“I wish I had a nickel for every time … Maybe I was a yogi in another life (laughing). I tend to calm people down in cases of extreme anxiety. I try to see who and what’s in front of me. Sometimes I’m a little slower in clinic because I like to sit down and spend the time with patients that they need. I would want someone to do that for me.”
Finish this sentence: ‘If I weren’t a doctor, I would be a …’
Chef! I love cooking and putting together a meal. I’m getting into pastas and breads lately. I have an ice cream maker and two InstantPots! I’m here (at work) a lot, but when I go home it’s fun to play in my kitchen.
What do you think about UT Southwestern opening in Frisco?
“I think it’s phenomenal. I’m honored to be part of the inaugural team to go there. The facility will be taking things to the next step in terms of innovation. I’m looking forward to partnering with primary care doctors in the community and being at the forefront of the growth in DFW.”
What types of patients will you be treating in the spine clinic in Frisco?
“I suspect the initial set of patients will be people with pain disorders of the neck or back pain – people that might benefit from a discectomy or a simple decompression, for example. Once people realize who we are, and that we treat the full gamut of spine pathology, I suspect we will see tumors, vascular pathology, complex deformity, adult scoliosis, and other challenging cases. We can handle them all under the UT Southwestern aegis.”
What advanced technologies will you have at UT Southwestern Frisco?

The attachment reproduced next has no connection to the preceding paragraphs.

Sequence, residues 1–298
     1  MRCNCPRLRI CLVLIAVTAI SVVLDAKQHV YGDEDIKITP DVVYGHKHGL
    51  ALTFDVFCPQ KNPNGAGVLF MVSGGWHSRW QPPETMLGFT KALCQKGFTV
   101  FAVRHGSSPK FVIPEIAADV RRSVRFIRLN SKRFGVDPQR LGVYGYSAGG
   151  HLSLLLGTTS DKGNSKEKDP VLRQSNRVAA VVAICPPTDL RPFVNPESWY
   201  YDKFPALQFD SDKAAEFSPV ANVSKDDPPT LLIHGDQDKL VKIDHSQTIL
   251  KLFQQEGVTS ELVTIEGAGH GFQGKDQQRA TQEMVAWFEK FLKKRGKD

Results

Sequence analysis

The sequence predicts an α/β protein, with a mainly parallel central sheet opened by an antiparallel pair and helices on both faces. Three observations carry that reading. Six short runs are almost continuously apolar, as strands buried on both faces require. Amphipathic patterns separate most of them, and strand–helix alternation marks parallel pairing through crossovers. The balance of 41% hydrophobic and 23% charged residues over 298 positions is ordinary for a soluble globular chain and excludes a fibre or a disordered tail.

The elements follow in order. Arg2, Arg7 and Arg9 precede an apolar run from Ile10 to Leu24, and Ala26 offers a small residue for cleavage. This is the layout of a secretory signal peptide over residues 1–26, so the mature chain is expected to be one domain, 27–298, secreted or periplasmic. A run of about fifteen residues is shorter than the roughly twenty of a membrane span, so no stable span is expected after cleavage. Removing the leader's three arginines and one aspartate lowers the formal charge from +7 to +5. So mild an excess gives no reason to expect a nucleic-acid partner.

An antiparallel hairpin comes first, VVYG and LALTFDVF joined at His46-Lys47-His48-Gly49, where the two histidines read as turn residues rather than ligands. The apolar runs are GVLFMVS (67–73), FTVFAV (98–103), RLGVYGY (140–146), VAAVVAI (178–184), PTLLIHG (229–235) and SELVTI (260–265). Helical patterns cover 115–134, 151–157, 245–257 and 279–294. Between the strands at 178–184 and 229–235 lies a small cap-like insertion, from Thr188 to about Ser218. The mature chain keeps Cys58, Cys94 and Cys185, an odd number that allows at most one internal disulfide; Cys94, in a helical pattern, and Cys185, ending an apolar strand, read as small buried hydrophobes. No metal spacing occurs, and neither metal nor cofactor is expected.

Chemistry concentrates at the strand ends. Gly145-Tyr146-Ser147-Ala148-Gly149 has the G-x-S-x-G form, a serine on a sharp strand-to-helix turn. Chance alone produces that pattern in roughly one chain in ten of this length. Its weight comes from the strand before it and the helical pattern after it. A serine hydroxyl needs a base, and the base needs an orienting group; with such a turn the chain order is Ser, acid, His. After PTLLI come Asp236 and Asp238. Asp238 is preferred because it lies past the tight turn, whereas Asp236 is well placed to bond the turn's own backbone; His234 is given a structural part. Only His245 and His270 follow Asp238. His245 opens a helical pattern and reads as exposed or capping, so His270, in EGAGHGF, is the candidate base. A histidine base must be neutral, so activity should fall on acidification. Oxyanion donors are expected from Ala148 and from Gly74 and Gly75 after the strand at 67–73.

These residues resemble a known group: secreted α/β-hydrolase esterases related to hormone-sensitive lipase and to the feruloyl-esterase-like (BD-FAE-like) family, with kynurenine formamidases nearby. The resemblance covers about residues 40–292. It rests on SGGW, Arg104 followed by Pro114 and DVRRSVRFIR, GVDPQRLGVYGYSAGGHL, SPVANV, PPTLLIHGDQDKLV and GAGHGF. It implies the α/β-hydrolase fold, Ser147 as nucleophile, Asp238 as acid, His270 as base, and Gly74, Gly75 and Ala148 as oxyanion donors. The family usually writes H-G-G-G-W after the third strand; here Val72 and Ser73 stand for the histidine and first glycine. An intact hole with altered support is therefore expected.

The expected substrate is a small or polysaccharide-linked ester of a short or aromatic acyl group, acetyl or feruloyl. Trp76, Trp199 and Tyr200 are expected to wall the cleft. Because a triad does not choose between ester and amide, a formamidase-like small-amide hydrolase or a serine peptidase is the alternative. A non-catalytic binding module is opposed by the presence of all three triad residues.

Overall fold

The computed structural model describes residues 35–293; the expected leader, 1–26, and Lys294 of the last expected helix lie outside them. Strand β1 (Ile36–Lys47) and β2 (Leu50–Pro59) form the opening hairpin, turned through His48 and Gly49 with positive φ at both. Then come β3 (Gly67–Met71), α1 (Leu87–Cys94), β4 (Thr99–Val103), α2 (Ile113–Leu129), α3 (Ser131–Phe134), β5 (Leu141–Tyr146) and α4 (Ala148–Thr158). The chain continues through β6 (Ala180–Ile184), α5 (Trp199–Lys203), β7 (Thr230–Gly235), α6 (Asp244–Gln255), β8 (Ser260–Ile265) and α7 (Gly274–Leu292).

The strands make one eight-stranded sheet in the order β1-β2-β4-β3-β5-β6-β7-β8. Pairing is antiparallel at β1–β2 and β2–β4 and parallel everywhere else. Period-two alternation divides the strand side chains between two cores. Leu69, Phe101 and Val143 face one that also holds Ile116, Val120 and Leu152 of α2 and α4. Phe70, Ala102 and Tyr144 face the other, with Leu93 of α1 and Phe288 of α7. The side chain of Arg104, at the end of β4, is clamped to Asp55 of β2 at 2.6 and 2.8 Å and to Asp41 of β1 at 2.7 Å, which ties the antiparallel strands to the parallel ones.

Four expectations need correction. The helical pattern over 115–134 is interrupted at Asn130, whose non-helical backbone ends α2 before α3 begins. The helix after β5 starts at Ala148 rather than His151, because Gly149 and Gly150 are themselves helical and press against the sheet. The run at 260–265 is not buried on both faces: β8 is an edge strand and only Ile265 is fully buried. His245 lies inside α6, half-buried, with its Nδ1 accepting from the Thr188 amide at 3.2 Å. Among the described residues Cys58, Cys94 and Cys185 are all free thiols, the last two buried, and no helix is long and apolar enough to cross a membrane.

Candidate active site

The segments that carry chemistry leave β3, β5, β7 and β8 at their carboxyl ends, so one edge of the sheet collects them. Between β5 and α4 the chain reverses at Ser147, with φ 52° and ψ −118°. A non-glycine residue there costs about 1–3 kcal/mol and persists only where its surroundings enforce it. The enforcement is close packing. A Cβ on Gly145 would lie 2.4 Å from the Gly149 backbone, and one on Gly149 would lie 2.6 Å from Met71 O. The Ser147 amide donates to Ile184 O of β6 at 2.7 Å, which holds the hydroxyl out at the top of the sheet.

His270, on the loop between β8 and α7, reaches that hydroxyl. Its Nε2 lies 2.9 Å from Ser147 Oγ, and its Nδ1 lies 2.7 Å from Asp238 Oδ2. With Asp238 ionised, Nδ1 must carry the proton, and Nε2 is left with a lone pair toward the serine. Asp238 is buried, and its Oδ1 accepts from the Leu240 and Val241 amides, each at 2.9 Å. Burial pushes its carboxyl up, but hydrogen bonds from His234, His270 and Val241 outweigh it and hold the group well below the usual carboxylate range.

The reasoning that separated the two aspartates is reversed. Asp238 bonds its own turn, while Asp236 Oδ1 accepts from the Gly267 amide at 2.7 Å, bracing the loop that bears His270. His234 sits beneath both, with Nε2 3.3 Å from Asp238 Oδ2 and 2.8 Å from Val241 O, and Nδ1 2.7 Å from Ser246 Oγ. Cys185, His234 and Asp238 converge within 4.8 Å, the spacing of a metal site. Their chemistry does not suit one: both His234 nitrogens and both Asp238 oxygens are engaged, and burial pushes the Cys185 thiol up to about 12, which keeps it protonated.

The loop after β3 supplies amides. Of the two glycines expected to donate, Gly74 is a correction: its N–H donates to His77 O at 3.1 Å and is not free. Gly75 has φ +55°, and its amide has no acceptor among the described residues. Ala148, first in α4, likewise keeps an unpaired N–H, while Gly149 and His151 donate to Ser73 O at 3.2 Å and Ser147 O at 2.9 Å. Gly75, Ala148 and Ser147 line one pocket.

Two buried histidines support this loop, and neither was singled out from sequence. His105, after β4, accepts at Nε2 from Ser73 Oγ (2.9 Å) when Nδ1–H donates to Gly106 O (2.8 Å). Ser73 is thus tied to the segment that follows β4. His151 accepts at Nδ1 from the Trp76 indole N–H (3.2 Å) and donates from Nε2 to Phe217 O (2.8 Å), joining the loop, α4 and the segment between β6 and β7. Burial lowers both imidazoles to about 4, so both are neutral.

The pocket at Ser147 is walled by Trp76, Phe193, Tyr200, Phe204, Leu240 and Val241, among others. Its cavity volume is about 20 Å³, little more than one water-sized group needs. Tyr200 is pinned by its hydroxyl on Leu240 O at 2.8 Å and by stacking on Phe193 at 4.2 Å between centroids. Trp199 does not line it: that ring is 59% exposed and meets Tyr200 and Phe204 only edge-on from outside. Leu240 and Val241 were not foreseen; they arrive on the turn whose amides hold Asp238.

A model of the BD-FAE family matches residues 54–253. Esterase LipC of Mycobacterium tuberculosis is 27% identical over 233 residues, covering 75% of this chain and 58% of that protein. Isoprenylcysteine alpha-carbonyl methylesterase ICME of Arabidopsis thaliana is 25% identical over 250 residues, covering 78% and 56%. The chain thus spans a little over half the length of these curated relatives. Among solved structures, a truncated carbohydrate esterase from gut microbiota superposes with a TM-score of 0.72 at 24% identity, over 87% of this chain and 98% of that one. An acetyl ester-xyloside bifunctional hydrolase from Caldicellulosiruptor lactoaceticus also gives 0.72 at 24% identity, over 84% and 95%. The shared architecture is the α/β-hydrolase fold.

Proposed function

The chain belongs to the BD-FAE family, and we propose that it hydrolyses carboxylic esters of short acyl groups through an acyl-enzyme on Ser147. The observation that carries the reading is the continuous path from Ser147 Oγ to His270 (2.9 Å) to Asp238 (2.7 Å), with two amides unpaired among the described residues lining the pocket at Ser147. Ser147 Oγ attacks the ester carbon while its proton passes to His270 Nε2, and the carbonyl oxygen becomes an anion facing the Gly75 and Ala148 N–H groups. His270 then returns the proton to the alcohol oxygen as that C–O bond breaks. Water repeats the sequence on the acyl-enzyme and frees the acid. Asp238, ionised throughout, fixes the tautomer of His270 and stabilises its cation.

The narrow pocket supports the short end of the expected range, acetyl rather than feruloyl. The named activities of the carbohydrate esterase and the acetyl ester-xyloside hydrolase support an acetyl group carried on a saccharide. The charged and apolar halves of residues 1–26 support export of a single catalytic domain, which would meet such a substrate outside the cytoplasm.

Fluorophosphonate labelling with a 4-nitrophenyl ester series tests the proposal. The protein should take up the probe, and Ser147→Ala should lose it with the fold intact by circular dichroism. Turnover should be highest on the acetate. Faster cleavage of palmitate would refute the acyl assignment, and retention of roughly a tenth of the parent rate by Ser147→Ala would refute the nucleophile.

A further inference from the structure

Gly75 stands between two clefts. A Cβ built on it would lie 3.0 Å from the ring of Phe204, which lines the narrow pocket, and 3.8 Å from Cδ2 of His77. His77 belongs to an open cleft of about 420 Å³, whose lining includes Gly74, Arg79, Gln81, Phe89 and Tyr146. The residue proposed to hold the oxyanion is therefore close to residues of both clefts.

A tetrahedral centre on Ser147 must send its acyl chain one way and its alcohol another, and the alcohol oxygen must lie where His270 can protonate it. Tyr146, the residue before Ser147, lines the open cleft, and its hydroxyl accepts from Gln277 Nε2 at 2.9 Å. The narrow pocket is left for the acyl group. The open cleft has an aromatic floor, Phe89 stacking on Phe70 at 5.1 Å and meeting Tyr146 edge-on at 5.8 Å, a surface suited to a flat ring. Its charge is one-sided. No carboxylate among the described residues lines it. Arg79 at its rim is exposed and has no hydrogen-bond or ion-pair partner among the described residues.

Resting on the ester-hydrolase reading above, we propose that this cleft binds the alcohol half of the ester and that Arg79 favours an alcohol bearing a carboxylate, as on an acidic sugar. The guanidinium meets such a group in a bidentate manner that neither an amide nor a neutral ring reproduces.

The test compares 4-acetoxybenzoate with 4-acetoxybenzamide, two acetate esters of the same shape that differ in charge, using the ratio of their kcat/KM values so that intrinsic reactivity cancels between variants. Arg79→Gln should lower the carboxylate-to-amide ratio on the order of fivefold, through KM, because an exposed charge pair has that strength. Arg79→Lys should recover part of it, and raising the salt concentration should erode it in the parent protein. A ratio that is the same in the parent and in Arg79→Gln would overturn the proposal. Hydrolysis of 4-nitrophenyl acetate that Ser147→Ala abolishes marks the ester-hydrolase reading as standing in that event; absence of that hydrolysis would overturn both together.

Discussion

“We will have intraoperative navigated spine capabilities, which allow us to visualize the spine in three dimensions while we’re working on it. This helps with any instrumentation that goes into the spine, as well as with decompression surgery and advanced reconstructive techniques. We view a CT scan on a monitor in real time, so it’s a live roadmap. A spine GPS, if you would. It can make the procedure more accurate and reduce complications.”
Do most back problems require surgery?
“The first thing I tell people is that I like to work from the least invasive, most conservative treatment on a spectrum up to more aggressive measures. I will be working very closely with our PM&R (physical medicine and rehabilitation) and Anesthesia colleagues to make sure patients have exhausted all conservative treatment modalities before they need a surgical consult. As we become part of the community, I hope that patients will trust in our care and know we’re not just interested in doing big surgeries. Our Spine Center, part of the multidisciplinary care model at UT Southwestern, will treat the whole person.”